2004:0517 - KEVIN STREET GARDA STATION, 35-47 BRIDE STREET, DUBLIN, Dublin

NMI Burial Excavation Records

County: Dublin Site name: KEVIN STREET GARDA STATION, 35-47 BRIDE STREET, DUBLIN

Sites and Monuments Record No.: SMR 18:20, 18:383, 18:355 Licence number: 04E0294

Author: Linzi Simpson, Margaret Gowen & Co. Ltd, 27 Merrion Square, Dublin 2.

Site type: Urban medieval and post-medieval

ITM: E 715239m, N 733462m

Latitude, Longitude (decimal degrees): 53.338833, -6.269568

An assessment was carried out in June 2004 on a large site comprising the eastern yard of Kevin Street Garda Station and the western frontage of Bride Street. The garda station is the known site of the medieval palace of Sepulchre, which was established in 1184 by Archbishop John Comyn, the first Anglo-Norman archbishop of Dublin. Most of the original medieval quadrangle still survives in some form and is incorporated within the station and ancillary buildings. This includes a tower (currently the mess), three groin-vaulted cellars and a 15th-century doorway in the western wall; Danielle O'Donovan carried out a recent study of these buildings, the results of which have been published (see below). The proposed development seeks to build along the western frontage of Bride Street and, although there will be no impact under the current scheme on the standing medieval buildings, the proposed development does transgress the line of the southeast corner of the quadrangle.

The assessment consisted of a series of test-trenches excavated throughout the site in three main areas, Areas 1-3. In Area 1 (corner of Kevin Street and Bride Street) the assessment established that theGeorgian houses along the Kevin Street frontage had no cellars, thus the post-medieval structural deposits in this area were limited to 0.5-0.8m in depth. These included at least one wall and part of a cobbled surface, which were founded on a post-medieval clay deposit 0.2-0.4m in depth. This sealed a thin medieval clay deposit of c. 0.2m in depth. The testing also found what appeared to represent a medieval ditch feature, which ran parallel to Kevin Street and measured at least 3.2m in width by 0.65m in depth and was filled with dark-green clay.

The assessment also established that there were no cellars located along the present eastern side of Bride Street, but this was because the street had been widened on this side and the houses depicted on Rocque's map of Dublin, dated 1756, now lie beneath the existing road. The upper levels were composed of post-medieval clay layers, 0.5-1.5m in depth, which included at least one large hearth or oven. These layers sealed medieval deposits of clay, on average 0.4m in depth, which contained fragments of animal bone, shell and charcoal. There was also evidence of medieval pits cut into the boulder clay.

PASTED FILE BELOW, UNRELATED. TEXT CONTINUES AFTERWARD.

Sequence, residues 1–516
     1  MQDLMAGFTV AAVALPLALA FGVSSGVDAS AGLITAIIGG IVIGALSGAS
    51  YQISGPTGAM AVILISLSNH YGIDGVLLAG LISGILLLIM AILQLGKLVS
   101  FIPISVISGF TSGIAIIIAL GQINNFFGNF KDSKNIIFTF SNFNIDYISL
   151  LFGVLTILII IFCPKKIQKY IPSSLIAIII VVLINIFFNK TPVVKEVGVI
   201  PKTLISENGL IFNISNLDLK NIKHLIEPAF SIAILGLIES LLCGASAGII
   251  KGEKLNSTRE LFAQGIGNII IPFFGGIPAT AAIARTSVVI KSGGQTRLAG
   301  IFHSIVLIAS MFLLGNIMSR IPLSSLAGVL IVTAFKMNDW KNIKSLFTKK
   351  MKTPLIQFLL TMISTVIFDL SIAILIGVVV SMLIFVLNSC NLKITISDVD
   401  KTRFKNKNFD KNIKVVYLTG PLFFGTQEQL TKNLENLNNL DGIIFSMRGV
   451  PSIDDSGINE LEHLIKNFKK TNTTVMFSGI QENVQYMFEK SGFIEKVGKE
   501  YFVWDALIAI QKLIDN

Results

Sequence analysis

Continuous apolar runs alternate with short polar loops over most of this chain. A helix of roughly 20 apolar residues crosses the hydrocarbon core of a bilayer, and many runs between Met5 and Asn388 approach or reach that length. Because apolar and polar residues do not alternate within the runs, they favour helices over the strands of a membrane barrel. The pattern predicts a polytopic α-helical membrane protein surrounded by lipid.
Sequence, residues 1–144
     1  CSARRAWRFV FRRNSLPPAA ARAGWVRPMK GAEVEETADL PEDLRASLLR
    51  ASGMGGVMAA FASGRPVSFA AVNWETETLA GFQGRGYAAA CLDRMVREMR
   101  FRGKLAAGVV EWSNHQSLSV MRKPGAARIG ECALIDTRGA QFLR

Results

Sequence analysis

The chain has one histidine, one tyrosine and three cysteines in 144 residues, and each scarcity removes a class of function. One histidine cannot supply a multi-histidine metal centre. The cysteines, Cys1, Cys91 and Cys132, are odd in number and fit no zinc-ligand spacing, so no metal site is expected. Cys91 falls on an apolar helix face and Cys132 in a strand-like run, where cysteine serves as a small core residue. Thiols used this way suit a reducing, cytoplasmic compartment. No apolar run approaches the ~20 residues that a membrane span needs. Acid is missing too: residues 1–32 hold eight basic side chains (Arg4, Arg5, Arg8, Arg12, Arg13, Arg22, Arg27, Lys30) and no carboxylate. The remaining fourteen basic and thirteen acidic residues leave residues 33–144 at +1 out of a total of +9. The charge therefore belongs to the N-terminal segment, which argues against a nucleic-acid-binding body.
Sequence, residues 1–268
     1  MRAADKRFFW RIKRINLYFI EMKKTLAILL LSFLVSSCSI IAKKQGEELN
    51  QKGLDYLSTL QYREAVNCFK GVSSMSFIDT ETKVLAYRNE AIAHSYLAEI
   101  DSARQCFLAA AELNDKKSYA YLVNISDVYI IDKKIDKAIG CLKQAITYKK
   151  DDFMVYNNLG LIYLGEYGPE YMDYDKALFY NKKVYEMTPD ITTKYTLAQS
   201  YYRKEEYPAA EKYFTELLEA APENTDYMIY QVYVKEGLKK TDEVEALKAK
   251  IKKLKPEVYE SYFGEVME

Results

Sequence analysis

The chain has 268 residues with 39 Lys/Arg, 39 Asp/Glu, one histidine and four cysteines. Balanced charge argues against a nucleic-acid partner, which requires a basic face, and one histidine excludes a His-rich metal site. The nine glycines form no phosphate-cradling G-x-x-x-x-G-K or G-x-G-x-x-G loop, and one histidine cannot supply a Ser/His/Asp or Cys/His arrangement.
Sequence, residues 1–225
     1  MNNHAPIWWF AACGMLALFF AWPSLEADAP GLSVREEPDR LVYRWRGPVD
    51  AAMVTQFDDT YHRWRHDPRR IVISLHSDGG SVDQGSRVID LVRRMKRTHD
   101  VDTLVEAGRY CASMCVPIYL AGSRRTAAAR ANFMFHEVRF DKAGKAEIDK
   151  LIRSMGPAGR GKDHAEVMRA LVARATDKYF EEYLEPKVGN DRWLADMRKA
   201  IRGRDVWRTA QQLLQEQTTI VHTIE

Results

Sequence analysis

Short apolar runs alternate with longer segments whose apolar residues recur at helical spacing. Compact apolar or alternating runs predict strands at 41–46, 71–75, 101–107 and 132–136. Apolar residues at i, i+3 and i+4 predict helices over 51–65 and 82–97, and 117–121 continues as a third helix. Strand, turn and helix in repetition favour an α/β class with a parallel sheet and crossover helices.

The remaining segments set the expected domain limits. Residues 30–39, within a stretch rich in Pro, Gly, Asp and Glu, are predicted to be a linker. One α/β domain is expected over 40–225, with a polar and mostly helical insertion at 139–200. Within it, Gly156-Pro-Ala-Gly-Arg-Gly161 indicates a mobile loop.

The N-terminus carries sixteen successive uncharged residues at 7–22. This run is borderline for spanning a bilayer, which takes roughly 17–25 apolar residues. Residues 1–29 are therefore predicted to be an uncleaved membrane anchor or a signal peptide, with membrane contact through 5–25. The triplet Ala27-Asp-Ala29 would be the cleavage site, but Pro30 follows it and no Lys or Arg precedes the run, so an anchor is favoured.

The eastern courtyard (the car-pound) of the garda station formed Area 2, but testing in this area was very limited due to the presence of services, and the proposed line of the medieval quadrangle could not be tested. The northern end was composed of rubble and brick walls to a depth of 1.3m, which were cut into boulder clay, while elsewhere the assessment identified post-medieval clay deposits c. 0.7m in depth. Further south, shallow medieval deposits, which were only 0.2m in depth, were located and these were sealed by almost 1m of post-medieval clay.

Area 3 formed the north-east area of the development site, fronting onto Bride Street, which is currently a garage, but little testing was done here due to the presence of live services. However, the testing does suggest that there is no evidence of 18th-century cellars in this area, the deposits being confined to post-medieval clays which were over 0.4m in depth.

In summary, the testing suggested that there are medieval deposits of clay in some areas of the site with the potential for medieval structures, especially in the area of the quadrangle. The post-medieval phase is also well represented by clay and structural deposits and, most importantly, by the standing buildings attached to the western yard of the garda station; at least one is possibly medieval in date. Work on this project is ongoing.

Reference
O'Donovan, D. 2003 English patron, English building? The importance of St Sepulchre archiepiscopal palace, Dublin. In S. Duffy (ed.), Medieval Dublin IV, 253-78. Dublin.